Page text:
One recommendation comes from the United Kingdom, a natural menopause supplement which offer herbal support for women during their menopause of difficult monthly cycles. You can Go Here to order or click the image below, KickStart365.co.uk also ship worldwide.
Herbs and Oils To Use During Menopause
Herbs and oils don’t enjoy the same research studies as is seen with hormone replacement therapy; however, many women swear by their effectiveness. Some herbs and oils that help combat hot flashes include the following.
- Red clover. While it helps hot flashes, it can raise the risk of having a bleeding disorder.
- Black cohosh. This is a popular treatment for hot flashes but it can’t be used by women who have liver disease.
- Dong quai. While this decreases hot flashes, it can increase the chances of bleeding if you are on warfarin (Coumadin), a popular blood thinner.
- Soy products. Soy contains phytoestrogens, which combat hot flashes. There are side effects, however, including diarrhea, constipation, or stomach pains.
- Evening primrose oil. This can lessen the effects of hot flashes but there are drug interactions with certain psychiatric medications and blood thinners.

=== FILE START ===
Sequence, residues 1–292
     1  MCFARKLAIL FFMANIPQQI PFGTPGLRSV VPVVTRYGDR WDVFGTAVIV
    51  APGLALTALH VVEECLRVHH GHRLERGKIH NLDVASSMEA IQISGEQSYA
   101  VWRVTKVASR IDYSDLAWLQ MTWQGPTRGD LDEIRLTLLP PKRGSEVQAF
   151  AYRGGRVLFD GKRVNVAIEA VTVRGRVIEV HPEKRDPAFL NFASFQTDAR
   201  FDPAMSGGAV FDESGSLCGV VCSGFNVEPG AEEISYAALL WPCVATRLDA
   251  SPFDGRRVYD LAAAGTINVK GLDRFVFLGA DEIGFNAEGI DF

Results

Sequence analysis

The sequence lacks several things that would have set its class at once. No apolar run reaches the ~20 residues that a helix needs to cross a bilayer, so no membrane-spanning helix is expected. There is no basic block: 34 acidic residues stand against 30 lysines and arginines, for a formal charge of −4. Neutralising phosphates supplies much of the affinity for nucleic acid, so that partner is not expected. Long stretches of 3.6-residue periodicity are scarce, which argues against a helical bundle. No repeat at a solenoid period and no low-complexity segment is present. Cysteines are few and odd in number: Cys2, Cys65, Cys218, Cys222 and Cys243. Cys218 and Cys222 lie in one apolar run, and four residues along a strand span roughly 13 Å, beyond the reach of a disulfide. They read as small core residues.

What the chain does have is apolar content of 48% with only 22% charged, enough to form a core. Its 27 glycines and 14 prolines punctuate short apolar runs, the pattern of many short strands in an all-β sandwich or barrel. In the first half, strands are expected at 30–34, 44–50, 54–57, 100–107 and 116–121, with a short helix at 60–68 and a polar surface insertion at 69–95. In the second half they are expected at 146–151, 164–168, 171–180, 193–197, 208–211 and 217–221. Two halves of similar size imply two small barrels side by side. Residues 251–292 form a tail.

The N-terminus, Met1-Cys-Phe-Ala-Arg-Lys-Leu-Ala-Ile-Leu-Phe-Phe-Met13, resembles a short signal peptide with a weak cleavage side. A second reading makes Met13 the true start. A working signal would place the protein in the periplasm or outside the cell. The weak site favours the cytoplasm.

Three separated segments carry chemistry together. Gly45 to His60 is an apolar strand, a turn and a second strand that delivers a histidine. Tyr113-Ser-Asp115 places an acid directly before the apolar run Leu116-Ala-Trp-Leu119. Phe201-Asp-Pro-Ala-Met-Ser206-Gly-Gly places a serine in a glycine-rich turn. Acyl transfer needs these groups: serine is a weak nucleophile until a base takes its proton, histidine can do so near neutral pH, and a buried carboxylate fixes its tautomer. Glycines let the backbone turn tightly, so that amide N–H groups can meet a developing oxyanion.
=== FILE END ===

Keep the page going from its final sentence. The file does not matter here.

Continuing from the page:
Using Hormone Replacement Therapy or HRT
Hormone replacement therapy tends to fall out of favor and go back into favor over the years. The Women’s Health Initiative was a study done indicating that HRT increased the risk of breast cancer and heart disease in some people.
HRT usually means replacing estrogen in the body that is not being produced by the ovaries. Progesterone is sometimes included because it prevents endometrial cancer and breast cancer in some women who take it.
HRT is very effective in reducing the severity and number of hot flashes you get. Estrogen can be taken orally, through a patch, or via a vaginal gel or cream that is inserted into the vagina.
Non-hormonal Treatments for Hot Flashes
There are a couple of non-hormonal treatments for hot flashes that you can make use of. One of them is acupuncture.
A study published in 2011 indicated that women who underwent acupuncture had fewer symptoms of menopause, including hot flashes and night sweats, when compared to women who had faked acupuncture.
Meditation can manage your stress, which can reduce the perception of hot flashes. Remember that stress can be a trigger for hot flashes in some women.
Changes in Lifestyle Can Help Menopause
Changes in lifestyle may be just as effective in reducing the intensity and number of hot flashes as medications are. Some changes in lifestyle include eating small portions of health and well-balanced food, quitting smoking, and engaging in regular exercise.
Staying Positive around Hot Flashes
Every woman has her own experiences with hot flashes. You may have few symptoms of hot flashes or severe symptoms that interfere with daily living.
Try some of the recommendations to manage hot flashes listed above. If some of them don’t work very well, try making use of another management tool. If nothing you do at home seems to be helping, talk to your doctor to see if something by prescription will reduce the hot flashes.